The Penguins call defenseman Douglas Murray a needed element -- big, physical and a menace for opponents intent on playing in front of his team's net. But what should the team and its fans call him more casually? Doug? Douglas? "Doesn't matter," Murray said Wednesday after practicing with his new teammates for the first time. "They can call me whatever they want, just as long as they cheer for me and don't boo me." Murray arrived Tuesday night after the Penguins acquired him Monday in a trade with the San Jose Sharks. "They asked me what I want to be called. I said I don't care," he said. "I've had so many nicknames throughout the years. But the one that actually stuck was Crankshaft. That turned into Cranky, which I don't like because I'm not a cranky person." Why Crankshaft? "That's a story that I've never been told and never will be told," he said with a smile. Murray is expected to make his Penguins debut tonight against the Winnipeg Jets at Consol Energy Center. Although he will be working on a learning curve in the short term as he gets acclimated to the Penguins system, if he is nearly as effective and punishing a player as the Penguins expect, he might get called a lot worse than Crankshaft by the Jets. "I try to be physical," said Murray, who at 6 feet 3, 245 pounds likely couldn't play any other way. "I've played in the league for some time now. I hope I can keep my emotions in check so I don't try to run around and get out of position. I think that's something I've improved on -- letting the hits come to you instead of trying to get them." Murray, 33, had 56 hits and 64 blocked shots in 31 games for the Sharks. Last season, he led San Jose with 126 hits and was second with 143 blocked shots.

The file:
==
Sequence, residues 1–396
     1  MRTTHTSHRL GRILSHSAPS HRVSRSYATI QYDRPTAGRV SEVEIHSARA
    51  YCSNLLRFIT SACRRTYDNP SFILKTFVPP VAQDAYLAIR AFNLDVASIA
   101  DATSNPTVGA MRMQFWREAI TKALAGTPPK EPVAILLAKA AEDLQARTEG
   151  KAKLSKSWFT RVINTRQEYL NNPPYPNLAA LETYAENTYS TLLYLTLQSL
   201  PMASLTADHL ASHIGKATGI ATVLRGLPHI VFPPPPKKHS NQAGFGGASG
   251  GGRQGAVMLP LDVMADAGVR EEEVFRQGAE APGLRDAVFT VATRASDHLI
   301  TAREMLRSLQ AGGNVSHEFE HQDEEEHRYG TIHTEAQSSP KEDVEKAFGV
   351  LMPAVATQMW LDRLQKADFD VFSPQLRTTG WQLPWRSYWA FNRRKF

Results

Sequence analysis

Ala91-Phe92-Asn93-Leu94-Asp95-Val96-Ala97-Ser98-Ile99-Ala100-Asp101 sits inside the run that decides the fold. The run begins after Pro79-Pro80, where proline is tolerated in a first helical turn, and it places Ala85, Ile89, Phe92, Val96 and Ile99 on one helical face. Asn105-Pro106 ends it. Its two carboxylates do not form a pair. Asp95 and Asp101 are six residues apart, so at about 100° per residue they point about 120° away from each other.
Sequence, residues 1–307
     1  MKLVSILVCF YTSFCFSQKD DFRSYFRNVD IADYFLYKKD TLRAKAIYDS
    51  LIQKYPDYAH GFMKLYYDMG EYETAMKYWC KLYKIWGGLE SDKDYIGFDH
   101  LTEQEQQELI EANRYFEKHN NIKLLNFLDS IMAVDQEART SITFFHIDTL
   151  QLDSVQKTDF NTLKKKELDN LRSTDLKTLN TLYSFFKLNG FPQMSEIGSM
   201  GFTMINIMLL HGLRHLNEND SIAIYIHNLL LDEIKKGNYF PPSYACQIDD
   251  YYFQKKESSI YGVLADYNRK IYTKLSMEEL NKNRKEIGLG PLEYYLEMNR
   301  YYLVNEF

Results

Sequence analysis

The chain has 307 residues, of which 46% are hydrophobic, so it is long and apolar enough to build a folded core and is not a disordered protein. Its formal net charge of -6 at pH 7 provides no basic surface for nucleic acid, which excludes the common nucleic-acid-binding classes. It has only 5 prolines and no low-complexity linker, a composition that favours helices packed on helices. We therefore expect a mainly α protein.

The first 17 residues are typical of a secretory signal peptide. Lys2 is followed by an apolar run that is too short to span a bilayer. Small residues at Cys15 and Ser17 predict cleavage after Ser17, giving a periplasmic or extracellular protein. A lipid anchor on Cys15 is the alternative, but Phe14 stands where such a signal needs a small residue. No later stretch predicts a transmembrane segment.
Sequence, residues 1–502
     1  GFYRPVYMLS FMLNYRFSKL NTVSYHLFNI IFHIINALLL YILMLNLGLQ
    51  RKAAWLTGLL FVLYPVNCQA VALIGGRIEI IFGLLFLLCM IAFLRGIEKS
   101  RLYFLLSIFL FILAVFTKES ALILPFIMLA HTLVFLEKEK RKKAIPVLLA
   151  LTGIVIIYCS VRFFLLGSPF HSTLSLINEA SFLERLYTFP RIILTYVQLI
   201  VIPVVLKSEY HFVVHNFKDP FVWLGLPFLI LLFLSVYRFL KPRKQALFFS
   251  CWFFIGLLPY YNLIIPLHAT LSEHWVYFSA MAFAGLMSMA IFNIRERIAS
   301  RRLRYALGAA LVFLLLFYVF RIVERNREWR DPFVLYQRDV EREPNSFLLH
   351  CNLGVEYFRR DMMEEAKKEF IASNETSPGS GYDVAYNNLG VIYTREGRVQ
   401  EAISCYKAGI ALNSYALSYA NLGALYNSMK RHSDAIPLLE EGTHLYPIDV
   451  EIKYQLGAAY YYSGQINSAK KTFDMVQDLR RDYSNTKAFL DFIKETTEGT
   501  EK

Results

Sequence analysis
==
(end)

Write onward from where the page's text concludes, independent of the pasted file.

Penguins new defenseman Murray's game -- keep the hits coming
Pittsburgh Post-Gazette | Mar 28